From clean air to access to healthy food to safer streets, a collaborative approach to public health can help us build better public health systems and drive policies that protect everyone, everywhere.
But how do we get there? On Oct. 27, Vital Strategies convened global public health leaders for a conversation on how to move beyond siloed, single-issue solutions and short-term thinking to repair the deep cracks in our public health systems exposed by the pandemic and center public health into our daily lives. Good Health Doesn’t Just Happen: Facing NCDs, Climate Change and Urban Health was timed to Vital Strategies campaign launched earlier in the week: Reimagine Public Health.
Here’s what our speakers had to say:
On Reimagining Public Health
“The reason that we are reimagining public health or healthcare systems is because our pandemic we are in right now really showed the fault lines. We kind of knew already, but it was magnified by the pandemic.” – Femi Oke
“As we look beyond COVID-19, we need to reimagine public health as more interconnected…It is our hope that out of this crisis, the world will see the value of investing in public health and how much progress we can make on what may seem like insurmountable challenges.” – José Luis Castro
On A Collaborative Approach to Public Health
“The future of public health demands that we stop looking for single-issue solutions and that we think more broadly about the connections that actually make a healthy society. Good health does not just happen. This means reimagining how global health organizations engage in the cities and countries in which they work, partnering with all levels of government and across sectors. And this means, working together with the very people most affected by health disparities to shape the policies needed to ease their health burdens.” – HRH Princess Dina Mired
On Co-Benefits of Public Health Solutions
On Cycling & Cities
“One of the greatest problems of humanity right now is physical inactivity. If we can get people to cycle and to walk safely, because traffic crashes are also a concern, then we will see the levels of physical activity increase. What that means is we will have less chronic disease, less heart disease, less diabetes and obesity.” – Claudia Adriazola-Steil
On Climate Change and Environmental Health
“In the climate space, we need to think about the potential public health benefits of decisions that we have to make now…When public health is factored into decision making what you find is that the benefits—in terms of lives saved, hospitalizations averted, avoidance of stunting or low birth weights—more than pay for the cost of the interventions necessary to green the economy, to convert fuel systems and to invest in renewables.” – Daniel Kass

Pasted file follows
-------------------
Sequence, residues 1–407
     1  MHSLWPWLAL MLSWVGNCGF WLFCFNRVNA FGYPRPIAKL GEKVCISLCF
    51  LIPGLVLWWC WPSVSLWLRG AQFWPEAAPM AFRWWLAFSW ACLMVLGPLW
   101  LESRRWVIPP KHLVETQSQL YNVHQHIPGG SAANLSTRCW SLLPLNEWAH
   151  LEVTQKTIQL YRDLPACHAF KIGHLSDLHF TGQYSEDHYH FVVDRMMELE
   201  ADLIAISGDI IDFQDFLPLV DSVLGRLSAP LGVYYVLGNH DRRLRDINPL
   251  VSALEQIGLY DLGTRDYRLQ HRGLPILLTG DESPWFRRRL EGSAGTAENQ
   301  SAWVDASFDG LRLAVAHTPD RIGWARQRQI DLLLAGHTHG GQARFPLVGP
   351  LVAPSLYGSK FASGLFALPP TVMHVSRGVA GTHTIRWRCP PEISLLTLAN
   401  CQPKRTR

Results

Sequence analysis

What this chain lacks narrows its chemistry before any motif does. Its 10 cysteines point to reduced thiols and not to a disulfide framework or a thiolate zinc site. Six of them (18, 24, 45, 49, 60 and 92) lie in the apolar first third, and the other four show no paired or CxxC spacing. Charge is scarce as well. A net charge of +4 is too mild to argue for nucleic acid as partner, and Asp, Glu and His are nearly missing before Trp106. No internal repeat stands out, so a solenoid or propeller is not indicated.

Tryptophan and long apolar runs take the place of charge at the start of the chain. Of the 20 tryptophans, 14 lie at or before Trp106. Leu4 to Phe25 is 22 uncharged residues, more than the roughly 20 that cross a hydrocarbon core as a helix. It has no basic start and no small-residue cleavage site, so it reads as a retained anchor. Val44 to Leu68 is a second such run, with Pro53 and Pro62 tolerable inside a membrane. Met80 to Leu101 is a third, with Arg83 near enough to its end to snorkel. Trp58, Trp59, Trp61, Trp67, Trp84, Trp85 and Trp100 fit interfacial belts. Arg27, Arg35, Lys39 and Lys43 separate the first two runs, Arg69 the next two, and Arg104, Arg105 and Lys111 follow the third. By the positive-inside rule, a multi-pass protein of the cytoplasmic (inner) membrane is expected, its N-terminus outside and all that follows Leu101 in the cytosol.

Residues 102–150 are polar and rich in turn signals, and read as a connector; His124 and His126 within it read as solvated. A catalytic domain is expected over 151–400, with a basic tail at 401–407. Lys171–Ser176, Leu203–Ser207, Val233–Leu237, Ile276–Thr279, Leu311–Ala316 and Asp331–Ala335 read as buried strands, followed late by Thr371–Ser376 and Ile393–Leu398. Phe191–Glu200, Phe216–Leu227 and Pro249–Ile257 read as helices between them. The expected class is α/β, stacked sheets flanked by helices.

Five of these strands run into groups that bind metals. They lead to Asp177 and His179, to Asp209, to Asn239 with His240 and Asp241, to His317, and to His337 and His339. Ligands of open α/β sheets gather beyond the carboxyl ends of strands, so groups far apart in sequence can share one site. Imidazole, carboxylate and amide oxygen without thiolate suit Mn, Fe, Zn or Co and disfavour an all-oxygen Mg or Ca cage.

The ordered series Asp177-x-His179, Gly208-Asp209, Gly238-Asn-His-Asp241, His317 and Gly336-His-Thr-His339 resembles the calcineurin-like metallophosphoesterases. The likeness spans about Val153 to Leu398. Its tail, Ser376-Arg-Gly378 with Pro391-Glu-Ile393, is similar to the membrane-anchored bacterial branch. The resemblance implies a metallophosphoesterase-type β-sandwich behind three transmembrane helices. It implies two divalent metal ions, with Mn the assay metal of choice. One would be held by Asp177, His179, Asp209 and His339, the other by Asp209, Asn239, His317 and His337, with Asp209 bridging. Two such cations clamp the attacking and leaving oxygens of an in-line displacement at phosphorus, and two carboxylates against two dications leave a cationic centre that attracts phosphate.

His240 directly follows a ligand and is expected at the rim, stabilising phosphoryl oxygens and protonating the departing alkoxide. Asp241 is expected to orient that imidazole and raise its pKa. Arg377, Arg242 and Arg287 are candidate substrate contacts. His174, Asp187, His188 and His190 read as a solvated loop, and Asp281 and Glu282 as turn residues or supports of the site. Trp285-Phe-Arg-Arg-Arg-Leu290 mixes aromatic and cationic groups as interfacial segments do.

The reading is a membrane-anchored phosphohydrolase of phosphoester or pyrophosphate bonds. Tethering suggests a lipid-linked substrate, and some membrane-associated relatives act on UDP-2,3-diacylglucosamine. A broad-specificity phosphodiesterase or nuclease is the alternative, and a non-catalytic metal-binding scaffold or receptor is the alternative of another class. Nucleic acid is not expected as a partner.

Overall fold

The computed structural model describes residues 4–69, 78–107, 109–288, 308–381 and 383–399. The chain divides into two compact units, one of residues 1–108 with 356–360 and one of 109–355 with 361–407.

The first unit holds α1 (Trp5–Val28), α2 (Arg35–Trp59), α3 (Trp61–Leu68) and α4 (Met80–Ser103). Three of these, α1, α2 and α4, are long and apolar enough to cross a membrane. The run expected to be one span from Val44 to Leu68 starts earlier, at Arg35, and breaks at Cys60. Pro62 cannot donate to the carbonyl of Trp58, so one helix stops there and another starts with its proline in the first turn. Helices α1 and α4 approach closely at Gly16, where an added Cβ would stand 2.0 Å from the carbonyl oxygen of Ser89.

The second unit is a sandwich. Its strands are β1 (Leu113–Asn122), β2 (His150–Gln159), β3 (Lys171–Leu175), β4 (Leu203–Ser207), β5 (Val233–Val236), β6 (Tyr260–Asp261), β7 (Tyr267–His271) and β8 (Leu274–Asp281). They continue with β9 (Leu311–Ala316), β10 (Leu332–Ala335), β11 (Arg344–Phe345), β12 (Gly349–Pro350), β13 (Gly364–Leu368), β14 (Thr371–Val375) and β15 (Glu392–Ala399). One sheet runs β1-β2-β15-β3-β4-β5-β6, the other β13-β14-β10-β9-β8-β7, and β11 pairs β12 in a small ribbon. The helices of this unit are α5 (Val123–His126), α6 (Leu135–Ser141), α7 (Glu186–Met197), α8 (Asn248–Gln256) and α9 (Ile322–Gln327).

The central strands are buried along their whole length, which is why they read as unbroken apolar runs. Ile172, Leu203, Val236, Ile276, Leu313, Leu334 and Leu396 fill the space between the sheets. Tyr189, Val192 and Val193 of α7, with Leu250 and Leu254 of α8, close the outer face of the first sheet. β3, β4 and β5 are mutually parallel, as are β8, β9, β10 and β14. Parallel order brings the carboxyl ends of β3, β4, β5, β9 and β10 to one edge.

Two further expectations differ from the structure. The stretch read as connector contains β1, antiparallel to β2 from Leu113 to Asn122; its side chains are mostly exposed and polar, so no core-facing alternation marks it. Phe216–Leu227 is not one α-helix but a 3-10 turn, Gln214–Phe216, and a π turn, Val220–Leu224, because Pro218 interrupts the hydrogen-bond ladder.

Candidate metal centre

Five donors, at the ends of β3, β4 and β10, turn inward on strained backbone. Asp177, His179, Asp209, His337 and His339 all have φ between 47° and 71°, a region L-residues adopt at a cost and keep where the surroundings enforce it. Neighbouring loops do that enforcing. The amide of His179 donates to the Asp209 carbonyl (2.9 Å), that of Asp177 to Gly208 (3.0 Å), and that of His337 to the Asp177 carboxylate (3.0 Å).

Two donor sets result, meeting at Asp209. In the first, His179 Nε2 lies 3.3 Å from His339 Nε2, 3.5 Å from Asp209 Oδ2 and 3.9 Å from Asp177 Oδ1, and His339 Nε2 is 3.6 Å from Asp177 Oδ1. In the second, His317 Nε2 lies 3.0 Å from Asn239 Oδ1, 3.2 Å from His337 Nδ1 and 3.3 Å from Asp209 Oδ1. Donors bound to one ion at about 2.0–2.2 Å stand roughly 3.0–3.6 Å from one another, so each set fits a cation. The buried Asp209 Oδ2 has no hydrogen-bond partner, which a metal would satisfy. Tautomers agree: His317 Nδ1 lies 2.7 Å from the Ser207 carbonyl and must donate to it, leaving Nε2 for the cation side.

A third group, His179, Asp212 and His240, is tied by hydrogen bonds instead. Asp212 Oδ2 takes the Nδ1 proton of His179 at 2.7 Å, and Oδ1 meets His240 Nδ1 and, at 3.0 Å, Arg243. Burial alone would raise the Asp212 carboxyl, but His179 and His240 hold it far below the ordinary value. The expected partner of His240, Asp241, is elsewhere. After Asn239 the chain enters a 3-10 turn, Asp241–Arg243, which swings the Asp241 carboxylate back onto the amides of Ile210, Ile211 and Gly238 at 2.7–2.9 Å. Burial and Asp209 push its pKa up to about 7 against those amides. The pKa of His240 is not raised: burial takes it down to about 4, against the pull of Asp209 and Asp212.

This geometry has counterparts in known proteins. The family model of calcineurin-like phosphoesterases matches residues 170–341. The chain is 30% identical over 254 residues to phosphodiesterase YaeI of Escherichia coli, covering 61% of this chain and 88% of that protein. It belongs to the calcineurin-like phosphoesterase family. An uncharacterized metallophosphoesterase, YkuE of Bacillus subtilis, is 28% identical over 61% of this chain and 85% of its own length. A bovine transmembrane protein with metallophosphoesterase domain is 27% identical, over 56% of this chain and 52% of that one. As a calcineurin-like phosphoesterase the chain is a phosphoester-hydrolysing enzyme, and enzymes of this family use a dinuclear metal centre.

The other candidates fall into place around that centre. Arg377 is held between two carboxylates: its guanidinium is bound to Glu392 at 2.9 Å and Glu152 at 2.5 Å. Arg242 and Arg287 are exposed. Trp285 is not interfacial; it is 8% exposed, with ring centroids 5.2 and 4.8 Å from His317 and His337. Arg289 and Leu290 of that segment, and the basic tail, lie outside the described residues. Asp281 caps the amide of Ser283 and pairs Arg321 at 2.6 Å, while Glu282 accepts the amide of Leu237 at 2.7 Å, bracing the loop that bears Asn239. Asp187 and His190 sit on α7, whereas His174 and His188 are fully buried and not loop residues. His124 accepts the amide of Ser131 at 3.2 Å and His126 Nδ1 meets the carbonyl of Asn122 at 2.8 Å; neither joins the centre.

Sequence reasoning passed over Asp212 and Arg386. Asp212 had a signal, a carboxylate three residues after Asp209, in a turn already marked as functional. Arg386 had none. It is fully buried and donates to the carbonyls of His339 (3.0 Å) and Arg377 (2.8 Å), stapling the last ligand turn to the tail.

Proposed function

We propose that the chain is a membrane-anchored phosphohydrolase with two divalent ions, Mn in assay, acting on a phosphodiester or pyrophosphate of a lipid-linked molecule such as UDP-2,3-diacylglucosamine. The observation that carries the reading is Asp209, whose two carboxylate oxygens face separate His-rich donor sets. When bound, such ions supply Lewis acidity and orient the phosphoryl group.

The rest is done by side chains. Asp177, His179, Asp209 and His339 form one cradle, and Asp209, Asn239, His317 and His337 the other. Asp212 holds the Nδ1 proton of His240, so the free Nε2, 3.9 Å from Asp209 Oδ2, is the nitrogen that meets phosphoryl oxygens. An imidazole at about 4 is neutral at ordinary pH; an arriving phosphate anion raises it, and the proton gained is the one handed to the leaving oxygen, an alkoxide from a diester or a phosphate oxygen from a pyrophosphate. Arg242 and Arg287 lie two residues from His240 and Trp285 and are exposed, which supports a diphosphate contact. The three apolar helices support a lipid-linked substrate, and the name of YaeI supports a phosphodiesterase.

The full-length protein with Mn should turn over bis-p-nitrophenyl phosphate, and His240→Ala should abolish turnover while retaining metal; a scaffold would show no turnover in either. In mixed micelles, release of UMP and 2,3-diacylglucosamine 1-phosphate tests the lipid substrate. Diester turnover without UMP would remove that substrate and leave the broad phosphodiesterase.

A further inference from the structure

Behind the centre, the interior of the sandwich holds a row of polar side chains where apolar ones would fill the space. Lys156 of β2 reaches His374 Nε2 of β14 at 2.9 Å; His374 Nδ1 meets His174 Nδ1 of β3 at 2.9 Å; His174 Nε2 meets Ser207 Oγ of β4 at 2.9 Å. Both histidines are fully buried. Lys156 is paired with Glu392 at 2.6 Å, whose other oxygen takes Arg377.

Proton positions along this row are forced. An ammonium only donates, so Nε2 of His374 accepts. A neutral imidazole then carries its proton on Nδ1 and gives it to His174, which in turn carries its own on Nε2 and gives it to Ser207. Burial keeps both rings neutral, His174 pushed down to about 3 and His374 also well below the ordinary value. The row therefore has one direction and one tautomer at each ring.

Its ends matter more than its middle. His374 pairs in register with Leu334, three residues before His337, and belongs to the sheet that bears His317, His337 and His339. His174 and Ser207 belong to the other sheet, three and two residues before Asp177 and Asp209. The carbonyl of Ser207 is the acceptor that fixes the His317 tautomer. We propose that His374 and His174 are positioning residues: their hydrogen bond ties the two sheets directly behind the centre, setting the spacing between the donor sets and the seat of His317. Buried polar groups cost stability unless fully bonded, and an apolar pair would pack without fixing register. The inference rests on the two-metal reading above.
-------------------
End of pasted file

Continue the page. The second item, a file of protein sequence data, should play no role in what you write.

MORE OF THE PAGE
On Finances and Public Health
“Health taxes are a win-win-win. It’s a win for revenues, obviously. It’s a win for public health, because the consumption of tobacco, alcohol, and sugar-sweetened beverages are major risk factors. And it’s a win for equity.” – Jeremias N. Paul, Jr.
On Unhealthy Foods and NCDs
“Taxes on ultra-processed foods would make these products out of reach and provide ministries and governments with sources of revenue…These products are bad for health. There is significant evidence now that ultra-processed products result in a number of illnesses from NCDs to weight gain and just general ill health, but they also have a detrimental impact on the environment. Because of the land use, biodiversity loss, and there’s evidence of greenhouse gas emissions from the transportation of these goods, as well as the wastage that they result.” – Nandita Murukutla
At the end of our event moderator Femi Oke asked our speakers one last question: In 250 words—the length of a tweet—tell us how we can reimagine public health together?
Our speakers answered:
Claudia Adriazola-Steil “Bike. Think about how biking can make climate change better. Bike to be happy. Ask your mayor to make it safe.”
Nandita Murukutla “Public health is a decision that is woven into every aspect of our lives from the air we breathe, the foods and drinks we consume to the roads we travel.”
Jeremias N. Paul, Jr. “Be bold. Smart taxes saves lives, mobilizes resources, addresses health inequities, reduces health systems burdens and NCDs risk factors.”
Daniel Kass “Act like the world’s on fire, because it is.”
For more information, visit: https://www.vitalstrategies.org/vitaltalks/
Follow us on Twitter: @VitalStrat
Get Our Latest Public Health News
Join our email list and be the first to know about our public health news, publications and interviews with experts.
About Vital Talks
VitalTalks brings together leading voices from diverse fields to discuss today’s most pressing public health challenges. The speaker series examines today’s often-overlooked drivers of poor health and the factors that get in the way of people’s access to—and experience of—a long, productive, and healthy life. Join us as we elevate bold ideas and innovative solutions, working for a world where everyone, everywhere is protected by a strong public health system. #VitalTalks #ReimaginingPublicHealth